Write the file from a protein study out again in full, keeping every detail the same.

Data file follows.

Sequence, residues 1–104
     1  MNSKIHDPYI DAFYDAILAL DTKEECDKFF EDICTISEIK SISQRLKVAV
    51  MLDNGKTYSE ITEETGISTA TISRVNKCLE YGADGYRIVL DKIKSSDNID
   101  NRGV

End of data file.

Sequence, residues 1–104
     1  MNSKIHDPYI DAFYDAILAL DTKEECDKFF EDICTISEIK SISQRLKVAV
    51  MLDNGKTYSE ITEETGISTA TISRVNKCLE YGADGYRIVL DKIKSSDNID
   101  NRGV